One of the many positive aspects of living in Portland (besides carting confectioneries to the coast) is being able to partake of the pan-Asian culture.
It's really hip (among the sort of folks among whom it would be hip) to say that Portland is really "white". Sure, Oregon was a white-only state before WWII, but I mean, come on: what about the mid-West? And anyway, that totally overlooks Asian, Greek, Russian, American Indian, and Latino culture, which itself is pretty much American now. Portland's no New York--but considering the things you can get here, it's pretty lush. You can get a "real" burrito almost anywhere now--but I like Portland for its instant noodle bowls.
Of course, you can get those in lots of places. I used to go to the Asian grocery in West Hartford, CT to stock up on noodles and Bee & Flower Brand soap. But the selection here is very good. Many high quality bowls and noodle packs, with the usual assortment of flavors, but in a variety of styles.
The thai noodle packs (like Ramen style) are very good--the seasonings are rich, and you can actually taste the different herbs rather than it having a static "broth" taste. The Vietnamese Pho bowls are also good, but not as good as the real thing, which I can get right down the street. The best selection, and also the best lunch, are the Japanese bowls.
I have never been to Japan. But in the Japan of my mind, there are an infinite selection of brands and flavors. Each person has their own particular favorite, and perhaps a couple of backups. These choices define the personality, somewhat like beer choice and cigarette brand. Udon? Heck no! I'm a ramen man!
So despite how cultural inaccurate this may be, I feel bound to test the waters, and decide my noodle brand.
This is tricky, because I'm sort of wishy-washy person. I like to think I am flexible; I always let others choose the restaurants, drink whatever everybody else is drinking, and am down to watch pretty much any movie. I drink the cheapest Union Made beer available unless I have a particular taste for something, I drive a hand-me-down car, and when I smoked cigarettes I preferred the first brand I ever bought. But with this noodle thing, I feel I've really gotta nail it down.
This is made increasingly difficult by not being able to read any of the labels of the products I'm buying. My eyes glaze over when viewing characters, and I only have the basest understanding of the different looks of Thai, Chinese, Vietnamese, and Japanese. If the characters switch font, like between an exterior packing box and the actual label, I might as well have started over.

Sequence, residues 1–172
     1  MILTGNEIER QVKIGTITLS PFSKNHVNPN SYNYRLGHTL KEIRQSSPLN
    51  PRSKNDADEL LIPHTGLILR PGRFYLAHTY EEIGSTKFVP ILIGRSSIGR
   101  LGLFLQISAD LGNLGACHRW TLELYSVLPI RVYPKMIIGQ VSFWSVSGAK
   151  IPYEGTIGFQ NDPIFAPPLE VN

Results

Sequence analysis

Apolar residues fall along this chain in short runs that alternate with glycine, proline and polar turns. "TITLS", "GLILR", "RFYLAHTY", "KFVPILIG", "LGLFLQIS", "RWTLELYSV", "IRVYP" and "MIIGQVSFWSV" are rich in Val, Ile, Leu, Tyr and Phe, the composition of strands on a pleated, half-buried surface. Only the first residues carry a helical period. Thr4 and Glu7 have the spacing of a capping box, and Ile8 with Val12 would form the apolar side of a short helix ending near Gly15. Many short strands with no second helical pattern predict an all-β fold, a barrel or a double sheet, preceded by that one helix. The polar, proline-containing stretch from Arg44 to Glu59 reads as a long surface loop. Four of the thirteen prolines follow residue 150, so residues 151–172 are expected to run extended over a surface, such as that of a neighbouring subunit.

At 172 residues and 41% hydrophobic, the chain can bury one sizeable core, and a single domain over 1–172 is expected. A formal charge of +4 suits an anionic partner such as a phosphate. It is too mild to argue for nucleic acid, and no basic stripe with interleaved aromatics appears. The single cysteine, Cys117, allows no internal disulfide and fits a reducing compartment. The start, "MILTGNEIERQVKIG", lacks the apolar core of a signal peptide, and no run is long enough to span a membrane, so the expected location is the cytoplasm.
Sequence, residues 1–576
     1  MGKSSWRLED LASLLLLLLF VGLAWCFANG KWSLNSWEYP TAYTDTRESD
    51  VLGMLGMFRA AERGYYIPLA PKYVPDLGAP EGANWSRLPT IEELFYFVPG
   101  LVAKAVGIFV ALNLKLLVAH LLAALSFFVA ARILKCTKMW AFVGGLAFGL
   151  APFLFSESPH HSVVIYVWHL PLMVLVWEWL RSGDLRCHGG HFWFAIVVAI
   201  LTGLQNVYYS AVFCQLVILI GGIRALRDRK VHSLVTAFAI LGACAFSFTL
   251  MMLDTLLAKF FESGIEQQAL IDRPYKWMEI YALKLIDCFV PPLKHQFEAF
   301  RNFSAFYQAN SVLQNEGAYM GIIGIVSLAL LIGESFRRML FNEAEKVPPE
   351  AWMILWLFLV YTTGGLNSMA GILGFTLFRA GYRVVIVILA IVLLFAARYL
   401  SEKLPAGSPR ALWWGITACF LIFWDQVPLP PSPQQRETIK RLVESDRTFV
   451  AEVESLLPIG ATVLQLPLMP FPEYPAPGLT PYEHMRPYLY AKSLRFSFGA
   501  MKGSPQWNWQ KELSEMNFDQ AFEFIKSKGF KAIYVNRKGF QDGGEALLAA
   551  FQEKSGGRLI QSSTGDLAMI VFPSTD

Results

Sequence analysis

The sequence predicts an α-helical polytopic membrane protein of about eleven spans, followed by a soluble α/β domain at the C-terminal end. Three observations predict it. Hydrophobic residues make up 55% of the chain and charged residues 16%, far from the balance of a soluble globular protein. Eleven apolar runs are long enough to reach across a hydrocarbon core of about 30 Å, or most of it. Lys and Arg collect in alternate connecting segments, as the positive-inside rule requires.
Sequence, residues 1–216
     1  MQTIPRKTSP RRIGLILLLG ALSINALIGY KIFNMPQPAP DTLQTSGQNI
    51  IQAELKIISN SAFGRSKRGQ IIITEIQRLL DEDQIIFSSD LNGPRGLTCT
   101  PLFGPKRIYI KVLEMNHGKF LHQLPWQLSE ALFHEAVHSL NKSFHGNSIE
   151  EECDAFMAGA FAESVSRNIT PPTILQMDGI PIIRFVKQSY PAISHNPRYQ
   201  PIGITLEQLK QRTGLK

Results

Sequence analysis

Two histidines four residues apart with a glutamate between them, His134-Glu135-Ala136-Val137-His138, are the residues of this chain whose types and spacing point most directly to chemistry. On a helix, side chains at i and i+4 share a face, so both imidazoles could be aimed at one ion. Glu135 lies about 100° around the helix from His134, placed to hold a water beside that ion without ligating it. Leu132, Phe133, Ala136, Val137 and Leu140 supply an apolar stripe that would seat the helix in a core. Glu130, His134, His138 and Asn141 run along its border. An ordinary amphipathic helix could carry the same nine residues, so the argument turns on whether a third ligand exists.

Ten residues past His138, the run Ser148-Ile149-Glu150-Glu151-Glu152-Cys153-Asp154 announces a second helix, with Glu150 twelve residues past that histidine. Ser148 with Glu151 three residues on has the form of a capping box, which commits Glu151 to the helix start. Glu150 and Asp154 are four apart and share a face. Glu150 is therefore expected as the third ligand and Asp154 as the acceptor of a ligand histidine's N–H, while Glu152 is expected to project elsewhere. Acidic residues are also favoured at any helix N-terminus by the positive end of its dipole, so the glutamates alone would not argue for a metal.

The only thing I really have to go by are the ingredient lists, which by law are slapped on with a blurry sticker the moment the products reach our shores. I'm vegetarian (or pescatarian, if you must) so this is a good first step. Anything with chicken flavor, pork dust, or residue from a beef vat is right out.
Next I go to the picture. This is often a good indication of noodle style, and sometimes flavor, if there are "serving suggestions" in the picture. However, if the picture is only a happy jumping man with a bullhorn, I'm lost again.
Price is another good indication. Top of the line Udon bowls are typically around 3.50 individually. The cheapest ramens are anywhere between .25 and .75. I normally take one from the upper third and the lower third. I like to buy the cases, because I do use these for my lunch at work. This is not only my own personal branding experiment. It's also delicious food!
This is my current specimen, which I have just slurped up while writing this post. I have no idea what the flavor is supposed to be, but label tells me that there are fish, shrimp, and milk ingredients. It includes some sort of dried potato cake on top of the noodles in the bowl, and three floating yellow balls that may be dehydrated egg. I think this one is a keeper. The potato cake is delicious; it gets full of the broth and is easily sliceable with the side of my fork (yes, no sticks at work. I should try and get a hold of some. I would be certain no one would steal them). I save the labels so I can get the same kind or brand when I return to the store.
I imagine in the future, these sorts of foods will become widespread. They already eat them in Asia, which says something. It's way tastier than Spaceman Icecream anyway. In Cowboy Bebop, they have instant noodle cups with pull-starts, automatically heating it when it is opened. I wonder how big of an exothermic reaction one needs to boil a cup and a half of water? How expensive and stable would that be? I suppose somebody has already tried to figure that out. Then again, someone can probably read the labels on these packages too.
Predictions for 2012
5 years ago